The effect of breed selection on interpreting human directed cues in the domestic dog
Independent thesis Basic level (degree of Bachelor), 180 HE creditsStudent thesis
During the course of time, artificial selection has given rise to a great diversity among today's dogs. Humans and dogs have evolved side by side and dogs have come to understand human body language relatively well. This study investigates whether selection pressure and domestication could reveal differences in dogs’ skill to interpret human directional cues, such as distal pointing. In this study, 46 pet dogs were tested from 27 breeds and 6 crossbreeds for performance in the two-way object choice task. Breeds that are selected to work with eye contact of humans were compared with breeds that are selected to work more independently. Dogs of different skull shape were also compared, as well as age, sex and previous training on similar tasks. No significant differences in performance were found between dogs of various age, sex or skull shape. There was a tendency for significant difference in performance if the dog had been previously trained on similar tasks. When dogs that made 100% one-sided choices were excluded, a tendency appeared for there to be a difference between the cooperative worker breeds compared to the other breeds for the time it took for dogs to make a choice. There is a correlation between the number of correct choices made and the latency for the dogs from being release to making a choice (choice latency). All groups of dogs, regardless of my categorization, performed above chance level, showing that dogs have a general ability to follow, and understand, human distal pointing.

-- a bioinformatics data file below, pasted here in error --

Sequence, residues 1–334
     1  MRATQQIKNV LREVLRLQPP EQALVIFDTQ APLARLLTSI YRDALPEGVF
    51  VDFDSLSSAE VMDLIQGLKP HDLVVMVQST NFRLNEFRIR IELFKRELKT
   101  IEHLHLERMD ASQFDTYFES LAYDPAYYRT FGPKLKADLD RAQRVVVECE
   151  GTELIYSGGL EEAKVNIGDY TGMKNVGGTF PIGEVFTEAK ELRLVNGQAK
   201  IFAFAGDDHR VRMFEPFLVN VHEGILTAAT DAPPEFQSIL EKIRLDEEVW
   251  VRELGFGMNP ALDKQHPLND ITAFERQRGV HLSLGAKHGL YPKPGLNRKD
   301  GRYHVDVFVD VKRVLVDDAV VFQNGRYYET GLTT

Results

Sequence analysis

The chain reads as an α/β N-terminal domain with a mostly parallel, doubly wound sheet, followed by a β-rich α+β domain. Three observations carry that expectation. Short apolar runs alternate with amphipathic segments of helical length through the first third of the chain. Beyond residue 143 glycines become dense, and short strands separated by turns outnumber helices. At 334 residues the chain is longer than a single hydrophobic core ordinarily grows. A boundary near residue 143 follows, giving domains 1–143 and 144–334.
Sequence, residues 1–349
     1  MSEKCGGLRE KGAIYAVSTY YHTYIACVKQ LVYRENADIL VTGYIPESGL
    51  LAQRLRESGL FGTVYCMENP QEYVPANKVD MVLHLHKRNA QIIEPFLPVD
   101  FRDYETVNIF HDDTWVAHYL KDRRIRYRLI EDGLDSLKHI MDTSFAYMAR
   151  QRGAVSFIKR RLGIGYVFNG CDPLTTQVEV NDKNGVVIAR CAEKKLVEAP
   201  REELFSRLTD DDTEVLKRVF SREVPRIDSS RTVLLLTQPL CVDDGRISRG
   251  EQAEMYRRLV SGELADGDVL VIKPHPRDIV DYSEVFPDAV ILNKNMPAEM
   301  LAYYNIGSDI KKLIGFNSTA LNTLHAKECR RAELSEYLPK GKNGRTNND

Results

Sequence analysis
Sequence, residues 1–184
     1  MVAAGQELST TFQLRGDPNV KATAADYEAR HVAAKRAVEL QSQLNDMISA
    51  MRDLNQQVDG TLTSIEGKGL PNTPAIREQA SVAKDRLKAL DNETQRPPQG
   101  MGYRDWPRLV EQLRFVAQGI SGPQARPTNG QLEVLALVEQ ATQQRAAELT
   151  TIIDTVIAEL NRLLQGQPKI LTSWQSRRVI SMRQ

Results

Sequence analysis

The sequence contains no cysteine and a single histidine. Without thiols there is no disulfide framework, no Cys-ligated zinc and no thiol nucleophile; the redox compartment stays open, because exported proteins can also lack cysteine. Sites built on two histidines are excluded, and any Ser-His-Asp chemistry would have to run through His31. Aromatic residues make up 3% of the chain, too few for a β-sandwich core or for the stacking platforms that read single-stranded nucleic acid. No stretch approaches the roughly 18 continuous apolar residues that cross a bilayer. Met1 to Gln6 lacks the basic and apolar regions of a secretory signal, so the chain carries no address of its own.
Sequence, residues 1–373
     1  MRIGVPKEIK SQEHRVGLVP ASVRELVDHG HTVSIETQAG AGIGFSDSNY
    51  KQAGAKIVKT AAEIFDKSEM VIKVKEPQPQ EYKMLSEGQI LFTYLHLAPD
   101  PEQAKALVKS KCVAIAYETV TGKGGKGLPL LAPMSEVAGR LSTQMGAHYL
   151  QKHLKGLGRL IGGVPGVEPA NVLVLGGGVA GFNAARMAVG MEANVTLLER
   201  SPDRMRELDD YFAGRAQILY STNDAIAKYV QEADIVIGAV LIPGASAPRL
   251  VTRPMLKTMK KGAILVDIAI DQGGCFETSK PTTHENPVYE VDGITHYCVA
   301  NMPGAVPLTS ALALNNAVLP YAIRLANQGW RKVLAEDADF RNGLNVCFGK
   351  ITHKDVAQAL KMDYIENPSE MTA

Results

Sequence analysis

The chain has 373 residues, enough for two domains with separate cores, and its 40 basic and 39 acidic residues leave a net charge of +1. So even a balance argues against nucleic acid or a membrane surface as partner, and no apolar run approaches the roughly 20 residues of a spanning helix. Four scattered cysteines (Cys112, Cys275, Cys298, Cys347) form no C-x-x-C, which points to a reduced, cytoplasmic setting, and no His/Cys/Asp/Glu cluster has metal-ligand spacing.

Place, publisher, year, edition, pages
2014. , 17 p.
behaviour, dogs, domestication, human pointing, gesture, selection, skull shape
Behavioral Sciences Biology
IdentifiersURN: urn:nbn:se:liu:diva-108847ISRN: LITH-IFM-G-EX—14/2886—SEOAI: oai:DiVA.org:liu-108847DiVA: diva2:733298
Subject / course
2014-06-05, Linköping, 11:40 (Swedish)
Jensen, Per, Professor
Løvlie, Hanne, Forskarassistent